When the television broadcast begins, a couple of volunteers are suddenly on duty to hold the finish line tape (a step or two away from the actual finish line where it would interfere with the real electronic timing system and finish line camera). If it’s a windy day the volunteers have an extra challenge. Here are some photos of volunteers successfully and not so successfully in action.
This must be a sprint race. Look at the determination on the volunteer’s face. They are working hard to keep that heavy plastic finish line across the track with the printed side clear and readable to the camera.
For a distance race it’s not necessary to lug that puppy full across the track – a good thing in difficult conditions. You can tell the wind is blowing and they’re working hard to keep the short tape steady. Also, I understand that while it’s exhilarating to be the person breaking the tape it doesn’t feel so great when you hit it. Those arms raised in victory may also be up to help with the sting. Notice the volunteer timing her release of the tape.
Sometimes, even with a short tape the volunteers have problems.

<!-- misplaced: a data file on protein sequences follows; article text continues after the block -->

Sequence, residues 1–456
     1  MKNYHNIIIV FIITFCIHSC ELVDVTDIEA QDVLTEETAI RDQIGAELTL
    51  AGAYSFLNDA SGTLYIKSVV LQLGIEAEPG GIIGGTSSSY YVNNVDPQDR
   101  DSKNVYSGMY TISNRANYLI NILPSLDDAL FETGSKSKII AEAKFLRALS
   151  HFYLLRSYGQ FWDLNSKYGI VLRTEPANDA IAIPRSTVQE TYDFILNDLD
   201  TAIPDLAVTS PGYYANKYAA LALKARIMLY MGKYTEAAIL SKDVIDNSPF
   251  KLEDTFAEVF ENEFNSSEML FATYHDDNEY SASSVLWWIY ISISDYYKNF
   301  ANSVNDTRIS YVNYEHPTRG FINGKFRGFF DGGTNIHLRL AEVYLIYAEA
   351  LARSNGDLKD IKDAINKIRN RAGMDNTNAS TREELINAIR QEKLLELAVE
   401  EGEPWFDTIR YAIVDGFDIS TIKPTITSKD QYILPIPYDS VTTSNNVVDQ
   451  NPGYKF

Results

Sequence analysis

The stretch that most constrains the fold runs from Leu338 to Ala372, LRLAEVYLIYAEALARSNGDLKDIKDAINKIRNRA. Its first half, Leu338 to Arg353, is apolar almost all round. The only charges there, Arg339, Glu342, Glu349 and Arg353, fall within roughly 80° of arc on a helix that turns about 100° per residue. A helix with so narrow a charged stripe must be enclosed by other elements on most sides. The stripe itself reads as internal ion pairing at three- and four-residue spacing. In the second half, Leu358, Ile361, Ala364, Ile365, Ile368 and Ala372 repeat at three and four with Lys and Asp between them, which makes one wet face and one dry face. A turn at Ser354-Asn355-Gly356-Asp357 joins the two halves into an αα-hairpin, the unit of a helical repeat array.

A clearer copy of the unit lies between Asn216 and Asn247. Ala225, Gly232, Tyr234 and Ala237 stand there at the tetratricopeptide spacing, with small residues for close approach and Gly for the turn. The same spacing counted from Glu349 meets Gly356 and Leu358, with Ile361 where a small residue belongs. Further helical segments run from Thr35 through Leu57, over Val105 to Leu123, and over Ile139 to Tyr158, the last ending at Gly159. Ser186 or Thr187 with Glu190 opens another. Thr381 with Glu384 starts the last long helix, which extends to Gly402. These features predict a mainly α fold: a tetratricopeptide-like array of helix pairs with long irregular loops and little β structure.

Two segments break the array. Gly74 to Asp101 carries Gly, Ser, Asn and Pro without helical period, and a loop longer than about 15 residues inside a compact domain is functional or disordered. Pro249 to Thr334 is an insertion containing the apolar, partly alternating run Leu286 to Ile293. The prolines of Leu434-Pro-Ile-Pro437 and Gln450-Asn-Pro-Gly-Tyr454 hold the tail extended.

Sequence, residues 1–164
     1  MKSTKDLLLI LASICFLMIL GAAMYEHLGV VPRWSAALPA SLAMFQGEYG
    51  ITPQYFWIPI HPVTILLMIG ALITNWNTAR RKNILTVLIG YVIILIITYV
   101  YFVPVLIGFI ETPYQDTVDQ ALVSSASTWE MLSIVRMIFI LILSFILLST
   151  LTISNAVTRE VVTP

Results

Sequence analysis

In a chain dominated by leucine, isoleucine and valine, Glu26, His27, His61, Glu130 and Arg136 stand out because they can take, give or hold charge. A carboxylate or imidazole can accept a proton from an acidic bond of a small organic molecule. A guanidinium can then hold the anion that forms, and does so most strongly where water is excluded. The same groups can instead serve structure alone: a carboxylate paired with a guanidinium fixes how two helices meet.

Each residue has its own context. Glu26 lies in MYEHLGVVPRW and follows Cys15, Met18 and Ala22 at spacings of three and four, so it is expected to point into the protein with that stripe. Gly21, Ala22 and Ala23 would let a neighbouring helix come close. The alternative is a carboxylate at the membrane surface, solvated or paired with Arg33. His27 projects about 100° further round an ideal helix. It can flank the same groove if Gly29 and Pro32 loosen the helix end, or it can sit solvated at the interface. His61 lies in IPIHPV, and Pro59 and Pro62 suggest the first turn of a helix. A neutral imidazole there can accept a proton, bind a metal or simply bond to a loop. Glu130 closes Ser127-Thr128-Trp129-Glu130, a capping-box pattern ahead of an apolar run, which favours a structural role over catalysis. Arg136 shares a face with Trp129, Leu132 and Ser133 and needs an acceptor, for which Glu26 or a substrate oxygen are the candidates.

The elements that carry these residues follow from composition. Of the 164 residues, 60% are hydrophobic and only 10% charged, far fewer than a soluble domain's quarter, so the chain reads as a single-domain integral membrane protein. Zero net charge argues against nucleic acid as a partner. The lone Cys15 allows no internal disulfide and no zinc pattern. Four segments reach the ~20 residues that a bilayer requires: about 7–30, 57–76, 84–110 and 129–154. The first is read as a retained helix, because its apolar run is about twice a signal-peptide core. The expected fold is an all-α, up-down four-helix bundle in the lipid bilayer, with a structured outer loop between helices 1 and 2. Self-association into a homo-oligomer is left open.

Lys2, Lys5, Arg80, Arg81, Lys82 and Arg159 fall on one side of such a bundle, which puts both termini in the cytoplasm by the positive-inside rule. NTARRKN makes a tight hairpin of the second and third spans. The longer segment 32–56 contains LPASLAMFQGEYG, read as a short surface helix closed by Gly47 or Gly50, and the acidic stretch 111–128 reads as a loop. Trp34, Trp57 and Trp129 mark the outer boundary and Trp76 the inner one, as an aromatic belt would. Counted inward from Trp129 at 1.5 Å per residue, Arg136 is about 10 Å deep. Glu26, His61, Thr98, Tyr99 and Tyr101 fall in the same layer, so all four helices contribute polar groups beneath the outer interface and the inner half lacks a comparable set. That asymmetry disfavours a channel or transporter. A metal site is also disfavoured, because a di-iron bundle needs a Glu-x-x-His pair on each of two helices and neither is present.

When the logoed finish line ends up on the ground for a high profile race, and not visible for the television camera, it is not good for the sponsor. When problems like that occur, reinforcements are inevitably called in to help.
The next time you see a runner head on coming down the straightaway on her way to victory, remember that the logoed tape she’s about to run into is being held up by people working almost as hard as the runner.
Now that I am back home from the USA Championships and back into routine, I am hoping to post some blogs about the meet.
Over the next week you can expect to see a blog or two about the distance runners who qualified for the 2011 World Championships in Daegu and other things that caught my attention and prompted me to come home and do some further research.
You can also look forward to the blog’s first guest blogger. A blogger by the name of Track Widow was also at the USA Championships. You have seen her photos (and she edits all the blogs that I post) but until now she has kept her observations of the meet to herself. Not anymore. While I tend to tell the story about the meet with numbers, statistics, and coach-like observations, the Track Widow will provide a different perceptive that should be just as, if not more, appealing. She isn’t a coach. She got her start by going to track meets so she wouldn’t be left home all alone while her other half went to the meets. Ah? Does the name Track Widow now make some sense? She started as a track & field novice with little knowledge of the sport but now she’s the winner of the 2011 Pamakid USA Championships Prediction Game Contest. I introduce to you the Track Widow. I think you will enjoy her blog entries.